Kept In The Dark, Nina Bawden, 1984

Creepy Fat Young Man


Kept in the Dark is a rare (at least back in 1984) psychological thriller aimed for teens and pre-teens. Noel, 14, Clara, 12, and Bosie, 10, have to leave their London home behind at least for a while when their father, who is an actor in theater and TV, suffers a mental breakdown and must check into an institution to seek help. Their mother is unable to provide for them on her own so the children move to the countryside to live with their wealthy maternal grandparents until their father gets better. Their grandmother is little kooky herself and their grandpa a grumpy old war ax who has never accepted her daughter’s husband due to his acting profession. The stately but decaying mansion, which the children are supposed to call their home for time being, fascinate vivid imaginations of the three. Especially young Bosie’s who finds all kinds of rather mundane but possibly threatening things from its mostly unused rooms, like an old WWII era revolver in a secret compartment of an old desk.

Kept in the Dark’s strength is in this viewpoint of a child, things can look exciting or threatening when the true, grown up meaning is left to speculation. Especially when adults are constantly hiding things and talk about them only between themselves with hushed tones. One thing is particularly kept in the dark is David, twenty-something, overweight drifter, whom Bosie finds one morning sleeping in a pavilion of the overgrown garden but who in reality is grandpa’s nephew. David comes inside the house and without further ado takes the control of the household. The trusted housekeeper is fired, David uses his grandfather’s Bentley like his own, buys expensive roller skates and motorcyclists leather suit, which does not flatter his figure. David’s obesity is almost a plot point that I’ve seen mentioned in all reviews of this book, it is not often when we see an overweight young man in books, in most cases, they only come as bullied childhood sidekicks or leering perverts or corrupt German lieutenants.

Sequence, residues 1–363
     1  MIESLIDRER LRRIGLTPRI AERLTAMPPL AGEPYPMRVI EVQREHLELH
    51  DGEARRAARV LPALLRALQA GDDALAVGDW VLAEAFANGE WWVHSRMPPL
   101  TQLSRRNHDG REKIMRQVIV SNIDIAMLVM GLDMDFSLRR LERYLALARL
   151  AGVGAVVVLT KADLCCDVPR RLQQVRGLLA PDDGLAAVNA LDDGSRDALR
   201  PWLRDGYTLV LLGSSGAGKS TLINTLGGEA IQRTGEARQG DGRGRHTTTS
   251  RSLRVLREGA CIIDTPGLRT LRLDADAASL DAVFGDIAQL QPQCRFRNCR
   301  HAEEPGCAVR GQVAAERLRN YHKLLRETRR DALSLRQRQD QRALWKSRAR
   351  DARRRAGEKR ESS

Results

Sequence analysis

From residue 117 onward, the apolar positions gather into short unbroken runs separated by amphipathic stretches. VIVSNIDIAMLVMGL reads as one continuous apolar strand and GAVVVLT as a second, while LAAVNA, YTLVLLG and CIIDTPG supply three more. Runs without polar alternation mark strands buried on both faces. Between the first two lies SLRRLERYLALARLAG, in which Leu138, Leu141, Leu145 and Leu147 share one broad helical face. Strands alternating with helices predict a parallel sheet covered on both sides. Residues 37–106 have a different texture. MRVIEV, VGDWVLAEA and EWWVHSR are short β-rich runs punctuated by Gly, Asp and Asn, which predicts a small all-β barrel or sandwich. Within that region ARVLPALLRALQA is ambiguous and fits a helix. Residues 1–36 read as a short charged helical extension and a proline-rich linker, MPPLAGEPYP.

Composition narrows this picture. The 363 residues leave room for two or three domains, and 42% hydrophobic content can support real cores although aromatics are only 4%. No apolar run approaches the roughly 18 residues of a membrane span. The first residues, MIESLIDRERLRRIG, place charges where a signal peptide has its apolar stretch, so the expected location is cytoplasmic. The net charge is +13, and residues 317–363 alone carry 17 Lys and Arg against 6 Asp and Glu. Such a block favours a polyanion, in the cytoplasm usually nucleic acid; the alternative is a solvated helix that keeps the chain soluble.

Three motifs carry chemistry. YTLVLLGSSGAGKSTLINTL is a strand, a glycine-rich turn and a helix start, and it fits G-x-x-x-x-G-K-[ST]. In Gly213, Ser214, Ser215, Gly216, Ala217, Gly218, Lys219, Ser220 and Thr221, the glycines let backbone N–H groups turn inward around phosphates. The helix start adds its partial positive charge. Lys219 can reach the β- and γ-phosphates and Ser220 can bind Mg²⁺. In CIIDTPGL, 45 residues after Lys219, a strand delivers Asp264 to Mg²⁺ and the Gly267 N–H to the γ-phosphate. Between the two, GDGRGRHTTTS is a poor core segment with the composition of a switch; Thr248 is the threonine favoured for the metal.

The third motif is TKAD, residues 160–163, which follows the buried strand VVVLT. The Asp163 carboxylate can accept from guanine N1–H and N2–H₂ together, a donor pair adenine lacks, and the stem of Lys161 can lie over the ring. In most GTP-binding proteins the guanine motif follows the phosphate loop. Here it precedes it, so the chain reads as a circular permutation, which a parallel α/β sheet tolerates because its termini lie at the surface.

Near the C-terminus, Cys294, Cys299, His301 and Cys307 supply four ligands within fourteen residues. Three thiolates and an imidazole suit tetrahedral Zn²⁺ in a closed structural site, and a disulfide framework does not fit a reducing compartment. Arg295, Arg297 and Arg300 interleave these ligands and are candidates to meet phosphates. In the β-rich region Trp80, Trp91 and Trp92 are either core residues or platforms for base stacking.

In no time, brash David begins to suck the life out of the other, feisty grandfather turns ashy, grandmother stops eating and does not leave her room and the old family dog begins to smell. Noel has suspected and shunned David from the start and although Bosie and Clara were initially under David’s spell, Noel soon gets their to support. I find it quite refreshing that this time there is not a long and frustrating period in which one person is trying in vain to convince others that a popular character is up to no good. Ownership of the revolver found in a secret compartment of the writing table becomes a burning issue.